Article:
Cape Town-based Trans Hex announced its interim results for the period ended 30 September 2009, marking a return to profitability.
"Our focus on stringent cost management yielded reductions in operating costs, whilst cash generated from operations resulted in a net cash inflow of R42 million, against a net outflow of R97 million in the previous period,” says Trans Hex CEO, Llewellyn Delport.
Increased volumes, and a weaker Rand/US dollar exchange rate, resulted in a 12.5% increase in sales revenue to R371 million; this despite diamond prices being lower than in the same period last year. Similarly, mining income increased to R32 million from a R22 million loss in the previous corresponding period.
“Diamond prices and demand came under significant downward pressure in the latter half of the previous financial year. The current period saw prices stabilise and increase with all production being sold,” says Delport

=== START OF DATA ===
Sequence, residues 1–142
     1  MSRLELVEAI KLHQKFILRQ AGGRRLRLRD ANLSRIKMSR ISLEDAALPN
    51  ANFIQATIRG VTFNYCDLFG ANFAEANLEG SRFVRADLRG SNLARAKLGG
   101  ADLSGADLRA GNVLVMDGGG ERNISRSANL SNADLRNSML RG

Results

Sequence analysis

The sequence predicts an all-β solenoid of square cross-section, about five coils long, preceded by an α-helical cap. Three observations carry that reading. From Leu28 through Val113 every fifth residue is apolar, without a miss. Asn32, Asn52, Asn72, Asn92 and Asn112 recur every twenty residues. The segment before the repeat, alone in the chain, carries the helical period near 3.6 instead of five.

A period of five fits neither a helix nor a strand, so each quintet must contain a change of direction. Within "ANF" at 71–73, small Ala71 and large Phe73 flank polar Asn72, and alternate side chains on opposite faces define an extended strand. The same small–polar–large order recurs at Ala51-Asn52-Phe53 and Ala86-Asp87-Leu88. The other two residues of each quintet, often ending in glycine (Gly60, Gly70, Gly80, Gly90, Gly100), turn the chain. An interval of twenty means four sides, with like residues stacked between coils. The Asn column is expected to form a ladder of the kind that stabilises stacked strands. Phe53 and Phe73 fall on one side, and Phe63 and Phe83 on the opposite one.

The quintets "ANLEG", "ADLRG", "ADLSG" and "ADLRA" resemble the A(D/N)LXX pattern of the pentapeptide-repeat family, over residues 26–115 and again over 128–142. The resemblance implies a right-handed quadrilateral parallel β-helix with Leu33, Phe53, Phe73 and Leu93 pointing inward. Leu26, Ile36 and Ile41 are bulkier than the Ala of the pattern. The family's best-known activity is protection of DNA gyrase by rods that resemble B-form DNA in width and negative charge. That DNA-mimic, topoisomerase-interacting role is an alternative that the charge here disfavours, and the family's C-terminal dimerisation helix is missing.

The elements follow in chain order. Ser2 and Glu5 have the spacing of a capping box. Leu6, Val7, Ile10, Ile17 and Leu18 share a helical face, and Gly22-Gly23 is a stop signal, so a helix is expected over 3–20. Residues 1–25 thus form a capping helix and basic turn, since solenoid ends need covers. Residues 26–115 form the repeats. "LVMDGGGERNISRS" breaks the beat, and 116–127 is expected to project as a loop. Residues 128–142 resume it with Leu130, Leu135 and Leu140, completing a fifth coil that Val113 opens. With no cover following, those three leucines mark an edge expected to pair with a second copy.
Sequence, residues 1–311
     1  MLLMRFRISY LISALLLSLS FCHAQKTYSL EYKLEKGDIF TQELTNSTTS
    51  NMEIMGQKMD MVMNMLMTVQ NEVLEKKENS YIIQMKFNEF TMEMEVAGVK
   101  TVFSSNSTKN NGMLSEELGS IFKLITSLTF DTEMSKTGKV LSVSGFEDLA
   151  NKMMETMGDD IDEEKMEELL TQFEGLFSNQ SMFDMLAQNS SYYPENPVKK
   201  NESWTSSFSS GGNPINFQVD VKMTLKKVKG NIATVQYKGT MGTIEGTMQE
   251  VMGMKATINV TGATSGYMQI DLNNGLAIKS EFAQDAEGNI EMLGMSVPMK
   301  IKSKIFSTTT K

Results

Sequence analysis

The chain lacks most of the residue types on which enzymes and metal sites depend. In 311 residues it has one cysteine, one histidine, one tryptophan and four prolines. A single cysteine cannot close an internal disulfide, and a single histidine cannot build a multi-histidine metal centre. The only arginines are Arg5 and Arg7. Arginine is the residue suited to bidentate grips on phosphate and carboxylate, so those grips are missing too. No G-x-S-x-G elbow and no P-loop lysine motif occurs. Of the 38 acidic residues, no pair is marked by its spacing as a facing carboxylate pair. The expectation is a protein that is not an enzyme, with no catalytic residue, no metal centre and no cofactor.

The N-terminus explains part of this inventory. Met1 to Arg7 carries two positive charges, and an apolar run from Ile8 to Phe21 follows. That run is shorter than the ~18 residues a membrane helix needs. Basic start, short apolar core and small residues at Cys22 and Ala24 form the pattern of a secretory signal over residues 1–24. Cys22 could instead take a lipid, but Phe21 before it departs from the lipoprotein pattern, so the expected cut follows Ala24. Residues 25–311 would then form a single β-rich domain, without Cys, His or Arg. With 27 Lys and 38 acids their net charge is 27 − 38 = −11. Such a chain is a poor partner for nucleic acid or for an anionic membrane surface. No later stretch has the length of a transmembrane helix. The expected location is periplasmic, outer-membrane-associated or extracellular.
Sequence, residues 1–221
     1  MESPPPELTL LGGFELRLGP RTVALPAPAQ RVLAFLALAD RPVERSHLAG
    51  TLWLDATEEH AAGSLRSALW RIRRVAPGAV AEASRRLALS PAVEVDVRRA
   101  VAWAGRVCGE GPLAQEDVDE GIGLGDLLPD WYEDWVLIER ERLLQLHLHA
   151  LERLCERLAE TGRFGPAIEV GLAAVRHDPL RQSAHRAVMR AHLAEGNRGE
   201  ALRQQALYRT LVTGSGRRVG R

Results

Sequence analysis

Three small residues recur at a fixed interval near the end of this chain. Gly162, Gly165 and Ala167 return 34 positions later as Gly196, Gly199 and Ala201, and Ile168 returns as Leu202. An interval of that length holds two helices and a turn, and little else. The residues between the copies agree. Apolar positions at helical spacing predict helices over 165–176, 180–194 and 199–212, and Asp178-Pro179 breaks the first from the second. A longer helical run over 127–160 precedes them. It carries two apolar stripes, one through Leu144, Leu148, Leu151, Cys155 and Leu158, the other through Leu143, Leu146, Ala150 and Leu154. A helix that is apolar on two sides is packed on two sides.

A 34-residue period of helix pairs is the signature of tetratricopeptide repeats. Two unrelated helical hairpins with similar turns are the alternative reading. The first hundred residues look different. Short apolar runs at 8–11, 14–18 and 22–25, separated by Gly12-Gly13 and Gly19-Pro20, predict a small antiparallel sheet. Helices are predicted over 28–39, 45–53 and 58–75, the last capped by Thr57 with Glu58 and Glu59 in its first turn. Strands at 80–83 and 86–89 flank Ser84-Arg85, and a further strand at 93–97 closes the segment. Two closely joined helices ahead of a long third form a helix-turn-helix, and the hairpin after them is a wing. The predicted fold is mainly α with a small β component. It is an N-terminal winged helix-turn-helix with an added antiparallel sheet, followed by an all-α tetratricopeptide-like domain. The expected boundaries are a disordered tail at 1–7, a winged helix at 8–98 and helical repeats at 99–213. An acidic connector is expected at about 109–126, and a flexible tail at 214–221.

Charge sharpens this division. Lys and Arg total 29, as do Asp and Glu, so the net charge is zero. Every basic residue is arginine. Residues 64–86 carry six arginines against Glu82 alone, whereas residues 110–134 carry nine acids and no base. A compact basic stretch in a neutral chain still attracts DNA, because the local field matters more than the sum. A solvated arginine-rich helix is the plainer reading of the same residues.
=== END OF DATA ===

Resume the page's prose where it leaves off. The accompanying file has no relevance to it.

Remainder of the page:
Cost reductions saw cash operating costs decrease by R85 million while profit after taxation increased to R9 million from a loss of R64 million. Earnings per share from continuing operations increased to 9.7 cents from a loss per share of 53.0 cents and net asset value per share increased by 25% from 31 March 2009.
Production from the group’s South African operations showed improvement increasing from 43,670 carats to 45,502 carats, despite the rationalisation of operations, as a result of improved grades being achieved. Total sales attributable to these operations amounted to $45 million, achieved at an average sales price of $914 per carat.
Trans Hex expects that its South African Land operations will yield approximately 100,000 carats for the current financial year. The grade at Baken, South Africa is expected to improve as planned mining operations have moved to areas which are expected to produce higher grades.
Negotiations at Luana, Angola are continuing and are expected to be concluded by financial year end.
“We expect the demand and pricing of our products to be steady over the remainder of the financial year; we will continue to focus on cost and cash control measures, as the market shows signs of recovery,” says Delport.